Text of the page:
Prof. KRUGMAN: Those are the people who should be getting big rebate checks. They're not going to be getting it.

Rep. DREIER: Well, that's...

Prof. KRUGMAN: So there's going to be some stimulus as that cut's going to help.

Rep. DREIER: That headline was obviously focused on the average family, and I think it's also important to note that the tax cut is going to taxpayers, people who pay taxes. We've gotten some very positive news here in California. Just, today, the Los Angeles Times has a story about the fact that we've seen a dramatic increase in our exports to China. We're beginning to see the very passionate, strong free-trade agenda that we've been pursuing starting to pay off. And so I think that's another important thing to note, and then, of course, the 7.2 percent growth that we saw in the third quarter. No one is anticipating a continuation of that, but if we have growth in excess of 3.7 percent, we know that it will be job creating, and I believe that--you can't count on it--we've laid the groundwork. As long as we can do some other things that are important--tort reform, an energy bill, some other job creators--I think we have a great opportunity to ensure this expansion for the foreseeable future.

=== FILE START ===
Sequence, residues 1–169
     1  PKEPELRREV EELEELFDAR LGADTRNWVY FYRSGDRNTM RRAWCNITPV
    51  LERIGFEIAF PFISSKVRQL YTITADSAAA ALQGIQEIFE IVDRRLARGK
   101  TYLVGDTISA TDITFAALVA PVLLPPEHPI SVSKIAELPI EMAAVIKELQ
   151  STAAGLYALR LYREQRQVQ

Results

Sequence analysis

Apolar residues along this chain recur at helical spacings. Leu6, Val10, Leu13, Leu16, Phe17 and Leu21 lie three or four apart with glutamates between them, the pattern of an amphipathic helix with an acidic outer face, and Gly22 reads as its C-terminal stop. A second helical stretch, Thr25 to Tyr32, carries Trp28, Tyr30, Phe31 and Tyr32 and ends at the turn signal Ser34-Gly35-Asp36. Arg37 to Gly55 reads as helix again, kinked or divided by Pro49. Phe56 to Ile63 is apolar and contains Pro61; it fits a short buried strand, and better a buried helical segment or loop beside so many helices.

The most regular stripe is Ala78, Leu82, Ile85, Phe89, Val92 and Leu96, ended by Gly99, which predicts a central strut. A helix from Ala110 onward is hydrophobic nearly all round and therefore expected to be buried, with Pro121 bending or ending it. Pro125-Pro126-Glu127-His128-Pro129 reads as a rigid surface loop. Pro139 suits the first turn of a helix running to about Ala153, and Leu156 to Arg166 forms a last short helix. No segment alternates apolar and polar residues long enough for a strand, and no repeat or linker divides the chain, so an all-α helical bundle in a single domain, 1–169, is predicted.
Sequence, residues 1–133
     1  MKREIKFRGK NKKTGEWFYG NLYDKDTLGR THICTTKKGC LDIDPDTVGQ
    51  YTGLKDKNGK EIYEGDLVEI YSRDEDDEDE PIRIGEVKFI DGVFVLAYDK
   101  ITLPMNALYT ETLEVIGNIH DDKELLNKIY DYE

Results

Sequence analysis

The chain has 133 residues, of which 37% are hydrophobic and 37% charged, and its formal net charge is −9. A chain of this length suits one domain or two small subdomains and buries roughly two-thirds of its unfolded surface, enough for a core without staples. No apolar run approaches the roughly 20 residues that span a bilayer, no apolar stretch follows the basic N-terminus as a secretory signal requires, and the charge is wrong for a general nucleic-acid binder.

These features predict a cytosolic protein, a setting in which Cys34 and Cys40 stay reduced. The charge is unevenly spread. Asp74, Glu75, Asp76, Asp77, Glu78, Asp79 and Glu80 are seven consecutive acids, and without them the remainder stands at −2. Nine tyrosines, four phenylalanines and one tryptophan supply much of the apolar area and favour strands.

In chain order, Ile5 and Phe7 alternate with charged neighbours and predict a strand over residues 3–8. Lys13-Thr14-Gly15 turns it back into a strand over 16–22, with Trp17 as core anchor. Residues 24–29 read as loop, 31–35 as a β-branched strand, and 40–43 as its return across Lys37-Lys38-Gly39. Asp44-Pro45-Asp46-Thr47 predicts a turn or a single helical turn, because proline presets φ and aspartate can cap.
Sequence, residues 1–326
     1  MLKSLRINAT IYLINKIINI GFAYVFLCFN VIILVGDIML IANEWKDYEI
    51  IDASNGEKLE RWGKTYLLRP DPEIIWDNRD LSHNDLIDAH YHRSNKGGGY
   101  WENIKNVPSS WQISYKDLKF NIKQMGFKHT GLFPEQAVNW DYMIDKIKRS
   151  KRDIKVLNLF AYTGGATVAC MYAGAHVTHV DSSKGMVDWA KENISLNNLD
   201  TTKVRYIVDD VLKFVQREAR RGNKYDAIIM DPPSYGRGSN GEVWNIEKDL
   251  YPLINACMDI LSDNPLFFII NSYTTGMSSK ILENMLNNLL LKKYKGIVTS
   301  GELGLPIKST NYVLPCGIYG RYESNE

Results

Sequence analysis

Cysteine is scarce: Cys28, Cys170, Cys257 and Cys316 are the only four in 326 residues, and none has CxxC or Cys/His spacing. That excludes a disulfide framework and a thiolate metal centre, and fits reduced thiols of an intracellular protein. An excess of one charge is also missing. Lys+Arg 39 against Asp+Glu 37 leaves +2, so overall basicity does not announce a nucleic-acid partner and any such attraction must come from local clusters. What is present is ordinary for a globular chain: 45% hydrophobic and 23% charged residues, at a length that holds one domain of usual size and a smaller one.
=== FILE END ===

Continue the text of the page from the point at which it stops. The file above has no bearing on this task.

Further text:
MURRAY: General McCaffrey, let me ask you a political question about that. Obviously, we have the economy looking better than it was looking before. We have the situation in Iraq looking worse than it was before. Which of those do you think is more important to the American people?

Gen. McCAFFREY: Well, first of all, I think the economy is coming back. I'm all over this country dealing with business community. All the indications are there. It's going to surge; in the next 24 months, we're going to look better. Having said that, you know, the Iraqi thing is a huge concern to the American people. I think they're going to look at the presidential candidates to decide who can they trust to deal with this situation, but I wouldn't underestimate the American people. I think they're going to want to know that what's happening makes sense. They're sad about the casualties. I do believe that the people have the political will to stay with this.